When you have established that the situation at hand is not just an unpleasant incident but an actual crisis, gather the basic information that you need to move on to the next step.

Who does the crisis concern? 
How wide-spread is it? 
What should be done?

These are the questions you should ask yourself and moving into some heavy monitoring can help you with getting the answers.

The challenge: A crisis that is brewing while you are oblivious can really catch you off guard.
The solution: Have a media monitor in place for mentions of your brand on social media.

2. Monitor the situation

When your reputation is possibly at stake, it’s crucial to get all the information that is available and continuously keep a close eye on the situation. 

Google searches and roaming through social media help but really the proactive solution is that you have a media monitoring tool at your disposal. The monitoring tool alerts you when you are mentioned on social media or online discussions, and naturally on journalistic media. 

A crisis does not always affect your organization but may be related to, for example, a product or service that you market. The crisis can also affect a partner you work with or a technology you use. By following the discussion in your industry and other important topics, you can prepare for a possible crisis ahead.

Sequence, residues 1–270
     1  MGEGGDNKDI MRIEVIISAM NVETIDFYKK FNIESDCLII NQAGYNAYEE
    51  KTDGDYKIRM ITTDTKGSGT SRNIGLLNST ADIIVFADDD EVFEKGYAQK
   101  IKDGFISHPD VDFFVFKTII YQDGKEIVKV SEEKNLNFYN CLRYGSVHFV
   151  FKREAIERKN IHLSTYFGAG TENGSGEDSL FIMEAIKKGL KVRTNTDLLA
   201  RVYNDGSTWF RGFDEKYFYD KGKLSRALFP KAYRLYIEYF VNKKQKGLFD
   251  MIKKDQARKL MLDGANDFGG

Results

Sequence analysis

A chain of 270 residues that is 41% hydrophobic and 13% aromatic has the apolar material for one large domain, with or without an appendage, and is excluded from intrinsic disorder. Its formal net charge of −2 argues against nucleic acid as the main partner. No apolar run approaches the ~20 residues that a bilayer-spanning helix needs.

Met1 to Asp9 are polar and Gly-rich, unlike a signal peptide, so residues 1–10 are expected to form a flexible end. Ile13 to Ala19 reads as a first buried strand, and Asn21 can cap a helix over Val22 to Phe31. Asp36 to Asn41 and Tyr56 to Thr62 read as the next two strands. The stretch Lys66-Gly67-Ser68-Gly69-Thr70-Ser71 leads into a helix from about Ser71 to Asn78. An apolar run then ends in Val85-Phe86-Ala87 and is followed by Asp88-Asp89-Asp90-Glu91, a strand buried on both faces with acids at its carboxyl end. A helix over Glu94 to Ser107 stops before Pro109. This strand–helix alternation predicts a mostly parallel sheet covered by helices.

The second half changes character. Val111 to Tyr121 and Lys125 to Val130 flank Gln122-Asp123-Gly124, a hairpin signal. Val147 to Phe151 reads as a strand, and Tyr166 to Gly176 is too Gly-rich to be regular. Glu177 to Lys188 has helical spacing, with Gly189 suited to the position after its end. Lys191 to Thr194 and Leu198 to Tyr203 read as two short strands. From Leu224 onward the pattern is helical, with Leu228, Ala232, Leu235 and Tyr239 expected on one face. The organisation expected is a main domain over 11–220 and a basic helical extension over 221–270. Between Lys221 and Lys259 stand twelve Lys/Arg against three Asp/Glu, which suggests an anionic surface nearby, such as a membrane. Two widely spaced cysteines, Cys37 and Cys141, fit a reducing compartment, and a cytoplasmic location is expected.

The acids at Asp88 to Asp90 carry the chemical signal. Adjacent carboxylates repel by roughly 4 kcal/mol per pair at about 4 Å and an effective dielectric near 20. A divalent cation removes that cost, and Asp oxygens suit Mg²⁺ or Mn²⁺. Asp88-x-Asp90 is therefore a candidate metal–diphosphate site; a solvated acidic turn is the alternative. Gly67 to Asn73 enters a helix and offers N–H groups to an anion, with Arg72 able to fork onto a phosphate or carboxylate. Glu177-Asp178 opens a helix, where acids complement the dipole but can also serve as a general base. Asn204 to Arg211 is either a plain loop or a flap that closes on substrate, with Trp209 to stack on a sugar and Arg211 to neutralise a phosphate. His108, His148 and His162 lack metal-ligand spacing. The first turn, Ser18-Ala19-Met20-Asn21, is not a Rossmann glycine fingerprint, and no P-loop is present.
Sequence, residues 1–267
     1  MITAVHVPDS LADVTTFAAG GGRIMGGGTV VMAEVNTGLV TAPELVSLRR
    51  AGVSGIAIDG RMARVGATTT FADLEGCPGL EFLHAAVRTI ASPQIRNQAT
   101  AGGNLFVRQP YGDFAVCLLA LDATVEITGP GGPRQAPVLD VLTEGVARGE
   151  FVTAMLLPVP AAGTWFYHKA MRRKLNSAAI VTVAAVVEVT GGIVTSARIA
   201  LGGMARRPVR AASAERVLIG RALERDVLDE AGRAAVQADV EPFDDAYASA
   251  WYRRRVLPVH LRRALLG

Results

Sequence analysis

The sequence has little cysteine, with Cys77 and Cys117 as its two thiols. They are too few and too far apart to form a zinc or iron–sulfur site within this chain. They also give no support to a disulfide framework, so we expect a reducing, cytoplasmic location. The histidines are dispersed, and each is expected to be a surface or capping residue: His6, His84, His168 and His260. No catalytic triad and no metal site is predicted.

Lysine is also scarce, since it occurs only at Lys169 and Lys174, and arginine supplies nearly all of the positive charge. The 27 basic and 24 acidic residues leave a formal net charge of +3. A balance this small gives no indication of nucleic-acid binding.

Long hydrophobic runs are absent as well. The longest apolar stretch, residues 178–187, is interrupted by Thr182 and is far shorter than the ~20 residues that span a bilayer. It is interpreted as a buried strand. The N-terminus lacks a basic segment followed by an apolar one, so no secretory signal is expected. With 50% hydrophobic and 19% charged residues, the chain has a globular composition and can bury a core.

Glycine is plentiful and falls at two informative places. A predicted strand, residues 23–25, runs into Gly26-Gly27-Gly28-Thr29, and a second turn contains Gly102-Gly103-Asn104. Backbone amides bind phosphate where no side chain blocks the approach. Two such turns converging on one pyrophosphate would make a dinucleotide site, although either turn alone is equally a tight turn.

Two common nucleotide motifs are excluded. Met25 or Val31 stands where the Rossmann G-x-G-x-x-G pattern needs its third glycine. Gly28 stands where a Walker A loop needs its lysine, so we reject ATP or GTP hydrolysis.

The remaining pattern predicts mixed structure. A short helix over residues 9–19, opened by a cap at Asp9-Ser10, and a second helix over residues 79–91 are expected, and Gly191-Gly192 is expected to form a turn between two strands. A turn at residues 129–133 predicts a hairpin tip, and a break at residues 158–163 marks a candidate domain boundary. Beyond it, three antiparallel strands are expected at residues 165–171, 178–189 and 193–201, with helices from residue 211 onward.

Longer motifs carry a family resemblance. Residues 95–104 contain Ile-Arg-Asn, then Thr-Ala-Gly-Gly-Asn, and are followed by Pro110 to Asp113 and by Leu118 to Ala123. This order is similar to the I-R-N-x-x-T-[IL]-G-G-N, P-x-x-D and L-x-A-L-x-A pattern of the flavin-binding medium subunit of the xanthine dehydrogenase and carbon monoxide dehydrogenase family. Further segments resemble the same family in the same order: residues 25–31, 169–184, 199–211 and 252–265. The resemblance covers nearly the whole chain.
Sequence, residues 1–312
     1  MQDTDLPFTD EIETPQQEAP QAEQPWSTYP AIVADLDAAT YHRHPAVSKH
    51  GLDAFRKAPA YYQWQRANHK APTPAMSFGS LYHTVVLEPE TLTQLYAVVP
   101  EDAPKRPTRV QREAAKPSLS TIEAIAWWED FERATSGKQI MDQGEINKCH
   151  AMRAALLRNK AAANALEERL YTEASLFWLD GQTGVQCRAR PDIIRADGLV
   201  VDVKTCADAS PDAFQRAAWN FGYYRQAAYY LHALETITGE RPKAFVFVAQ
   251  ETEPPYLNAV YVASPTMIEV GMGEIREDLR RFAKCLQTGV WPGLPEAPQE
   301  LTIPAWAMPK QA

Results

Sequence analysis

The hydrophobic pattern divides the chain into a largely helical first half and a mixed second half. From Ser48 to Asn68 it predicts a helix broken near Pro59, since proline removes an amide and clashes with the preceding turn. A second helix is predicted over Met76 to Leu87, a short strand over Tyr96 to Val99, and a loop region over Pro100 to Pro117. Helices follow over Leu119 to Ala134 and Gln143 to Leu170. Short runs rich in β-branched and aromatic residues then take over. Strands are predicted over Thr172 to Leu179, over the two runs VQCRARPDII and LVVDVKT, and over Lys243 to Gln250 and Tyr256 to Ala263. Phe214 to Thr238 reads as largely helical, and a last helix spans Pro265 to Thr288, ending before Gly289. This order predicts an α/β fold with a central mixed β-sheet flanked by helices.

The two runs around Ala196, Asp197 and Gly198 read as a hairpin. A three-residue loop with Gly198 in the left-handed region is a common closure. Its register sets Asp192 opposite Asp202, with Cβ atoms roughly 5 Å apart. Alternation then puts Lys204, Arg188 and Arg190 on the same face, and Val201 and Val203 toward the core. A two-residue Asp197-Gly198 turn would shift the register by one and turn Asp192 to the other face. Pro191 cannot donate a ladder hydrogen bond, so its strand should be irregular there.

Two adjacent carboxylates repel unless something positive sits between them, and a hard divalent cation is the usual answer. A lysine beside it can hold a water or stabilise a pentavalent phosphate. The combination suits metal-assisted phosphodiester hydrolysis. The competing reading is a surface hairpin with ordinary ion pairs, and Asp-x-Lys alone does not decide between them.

If the information you need to gather can only be accessed by certain people, make sure you have the channels to reach these people and that the lines of communication are open.


Liana informs customers about service downtime on the support site immediately after the staff is up-to-date.

Example: your services are down and the technical staff are the only people who know where the trouble is. They are also the only ones that have an estimate on when the situation might be returning to normal. Recognize who these people are and discuss the situation with them to determine how critical the situation is and what is the next step.

The challenge: The information you get is scattered, hazy and ambiguous.
The solution: Draft a concise and easy to follow action plan. It should have a list of people that can help with the information you need to have a better understanding of the situation.

3. Create situational awareness

Situational awareness steps into the picture when it is clear what has happened and who the situation concerns. However, do keep in mind that it might still be a bit hazy. There can be information missing. This shouldn’t stop you from starting the communication.

When talking about crisis communications, the keyword is honesty. Start by telling what you do know. Don’t keep information under wraps just because there are some missing pieces. It is also critical that the message remains consistent as the situational awareness becomes clearer: the story must not change.

The challenge: You don’t have all the information.
The solution: Communicate honestly what you know so far. Do not speculate or guess. Do not share information you are not allowed to share. Stick to the facts that are available.

4. Allocate responsibilities

It is very important to definitively name the people who will be responsible for different tasks during the crisis. It should be written down and readily available who can be contacted when something unprecedented happens. This list of people should be kept updated so that it always has current contact details.

Communications director or communications manager is the natural choice to take the lead about communications in a crisis situation. If your organization doesn’t have these, someone else from upper management will take the lead while communications, marketing and HR might be there to assist in communications.